DALYs for a disease or health condition are calculated as the sum of the Years of Life Lost (YLL) due to premature mortality in the population and the Years Lost due to Disability (YLD) for people living with the health condition or its consequences:


The YLL basically correspond to the number of deaths multiplied by the standard life expectancy at the age at which death occurs. The basic formula for YLL (without yet including other social preferences discussed below), is the following for a given cause, age and sex:

YLL = N x L


N = number of deaths

L = standard life expectancy at age of death in years

Source: World Health Organization (2018) Health statistics and information systems. Metrics: Disability-Adjusted Life Year (DALY). Quantifying the Burden of Disease from mortality and morbidity.

Example of the term in use:

The proportion of total DALYs borne by children under 15 years old globally declined from 47% in 2000 to 32% in 2016, reflecting the massive reduction in deaths among children under 5 years old during this period. Almost all (87%) of DALYs borne by children under 15 years old, however, were caused by premature death, the remaining 13% were caused by ill health and disability.

World Health Organization (2018) Global Health Observatory (GHO) data. Disability-adjusted life years (DALYs).

Potential years of life lost

Potential years of life lost (PYLL) is a summary measure of premature mortality which provides an explicit way of weighting deaths occurring at younger ages, which are, a priori, preventable.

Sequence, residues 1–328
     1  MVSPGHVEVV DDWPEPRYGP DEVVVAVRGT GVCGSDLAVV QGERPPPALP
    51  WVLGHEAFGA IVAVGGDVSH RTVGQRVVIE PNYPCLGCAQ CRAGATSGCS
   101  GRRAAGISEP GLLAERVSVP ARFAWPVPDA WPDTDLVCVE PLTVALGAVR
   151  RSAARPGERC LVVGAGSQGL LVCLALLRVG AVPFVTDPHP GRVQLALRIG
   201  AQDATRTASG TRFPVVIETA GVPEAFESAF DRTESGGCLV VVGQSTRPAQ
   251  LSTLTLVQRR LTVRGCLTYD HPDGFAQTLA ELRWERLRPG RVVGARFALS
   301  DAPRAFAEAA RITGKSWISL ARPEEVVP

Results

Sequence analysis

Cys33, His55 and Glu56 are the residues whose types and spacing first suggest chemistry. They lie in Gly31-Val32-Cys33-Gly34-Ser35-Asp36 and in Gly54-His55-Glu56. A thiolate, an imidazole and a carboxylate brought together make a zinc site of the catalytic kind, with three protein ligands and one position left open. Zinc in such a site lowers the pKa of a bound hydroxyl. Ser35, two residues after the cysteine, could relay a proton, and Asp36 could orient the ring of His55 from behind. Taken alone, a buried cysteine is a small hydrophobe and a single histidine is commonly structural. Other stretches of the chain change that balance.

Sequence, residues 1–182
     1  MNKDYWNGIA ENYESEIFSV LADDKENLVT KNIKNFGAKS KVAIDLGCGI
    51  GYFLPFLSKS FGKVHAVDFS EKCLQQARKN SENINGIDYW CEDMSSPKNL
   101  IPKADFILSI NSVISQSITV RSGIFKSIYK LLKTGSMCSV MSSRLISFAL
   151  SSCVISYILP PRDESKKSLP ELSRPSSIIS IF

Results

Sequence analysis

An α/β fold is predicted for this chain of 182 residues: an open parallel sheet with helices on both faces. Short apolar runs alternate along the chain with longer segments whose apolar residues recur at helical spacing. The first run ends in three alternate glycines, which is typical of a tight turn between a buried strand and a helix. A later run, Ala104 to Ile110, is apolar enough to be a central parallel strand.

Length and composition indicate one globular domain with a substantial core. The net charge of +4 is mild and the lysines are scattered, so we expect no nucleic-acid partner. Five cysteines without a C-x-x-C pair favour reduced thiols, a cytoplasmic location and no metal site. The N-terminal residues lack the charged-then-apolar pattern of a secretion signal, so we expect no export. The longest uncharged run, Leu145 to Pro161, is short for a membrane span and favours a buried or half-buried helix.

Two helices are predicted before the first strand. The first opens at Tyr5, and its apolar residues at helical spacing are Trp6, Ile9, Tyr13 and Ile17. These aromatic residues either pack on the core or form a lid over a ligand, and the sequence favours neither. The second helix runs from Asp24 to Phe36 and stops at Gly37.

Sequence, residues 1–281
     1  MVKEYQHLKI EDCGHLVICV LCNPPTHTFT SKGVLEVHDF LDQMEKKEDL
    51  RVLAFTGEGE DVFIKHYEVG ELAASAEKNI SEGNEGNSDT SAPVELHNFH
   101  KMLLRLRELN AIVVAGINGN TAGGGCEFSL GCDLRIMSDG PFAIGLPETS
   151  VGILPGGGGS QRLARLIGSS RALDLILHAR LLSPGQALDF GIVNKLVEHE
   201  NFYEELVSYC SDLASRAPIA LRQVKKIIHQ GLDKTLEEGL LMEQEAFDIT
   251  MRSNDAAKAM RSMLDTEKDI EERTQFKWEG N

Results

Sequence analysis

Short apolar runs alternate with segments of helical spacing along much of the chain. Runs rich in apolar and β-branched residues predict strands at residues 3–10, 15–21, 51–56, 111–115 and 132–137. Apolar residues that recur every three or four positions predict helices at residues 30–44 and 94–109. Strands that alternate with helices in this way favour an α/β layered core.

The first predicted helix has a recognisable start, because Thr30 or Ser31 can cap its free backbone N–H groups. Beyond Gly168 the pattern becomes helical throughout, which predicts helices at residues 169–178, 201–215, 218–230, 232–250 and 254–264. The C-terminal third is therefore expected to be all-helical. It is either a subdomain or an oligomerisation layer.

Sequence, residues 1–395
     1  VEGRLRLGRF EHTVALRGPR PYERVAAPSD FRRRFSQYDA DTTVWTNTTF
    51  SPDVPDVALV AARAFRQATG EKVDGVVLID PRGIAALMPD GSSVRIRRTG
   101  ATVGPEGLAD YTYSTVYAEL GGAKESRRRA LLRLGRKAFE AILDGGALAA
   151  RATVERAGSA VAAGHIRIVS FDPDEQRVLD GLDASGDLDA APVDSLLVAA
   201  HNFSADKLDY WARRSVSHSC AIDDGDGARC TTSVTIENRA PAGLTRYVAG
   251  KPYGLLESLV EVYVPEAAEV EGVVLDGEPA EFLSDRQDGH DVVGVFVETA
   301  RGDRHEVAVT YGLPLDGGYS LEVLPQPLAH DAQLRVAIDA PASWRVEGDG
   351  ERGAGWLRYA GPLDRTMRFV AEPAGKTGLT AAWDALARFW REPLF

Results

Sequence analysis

The calculation for PYLL involves adding up deaths occurring at each age and multiplying this with the number of remaining years to live until a selected age limit.

Source: Organisation for Economic Co-operation and Development. Glossary of Statistical Terms. Potential Years of Life Lost.

Example of the term in use:

Excess bodyweight was positively associated with risk factors for cardiovascular disease and type 2 diabetes. The effect of excess weight on years of life lost was greatest for young individuals and decreased with increasing age.

Grover SA, Kaouache M, Rempel P et al (2014) Years of life lost and healthy life-years lost from diabetes and cardiovascular disease in overweight and obese people: a modelling study. BMJ Diabetes & Endocrinology 3(2): 114-122.

Years lived with disability (YLDs)

Years lived with disability: computed as the prevalence of different disease sequelae and injury sequelae multiplied by disability weights for that sequela. Disability weights are selected on the basis of surveys of the general population about the health loss associated with the health state related to the disease sequela.

Source: US Burden of Disease Collaborators. The state of US health, 1990-2010: burden of disease, injuries, and risk factors. JAMA 2013; 310(6): 591-608.

Example of the term in use:

For YLDs, women had higher rates of disability for all the ten leading conditions than did men, except for sense organ diseases, falls and drug use disorders.

Steel N, Ford JA, Newton JN et al (2018) Changes in health in the countries of the UK and 150 English Local Authority areas 1990-2016: a systematic analysis for the Global Burden of Disease Study 2016. Lancet 2018; 392: 1647-61. Published Online October 24, 2018.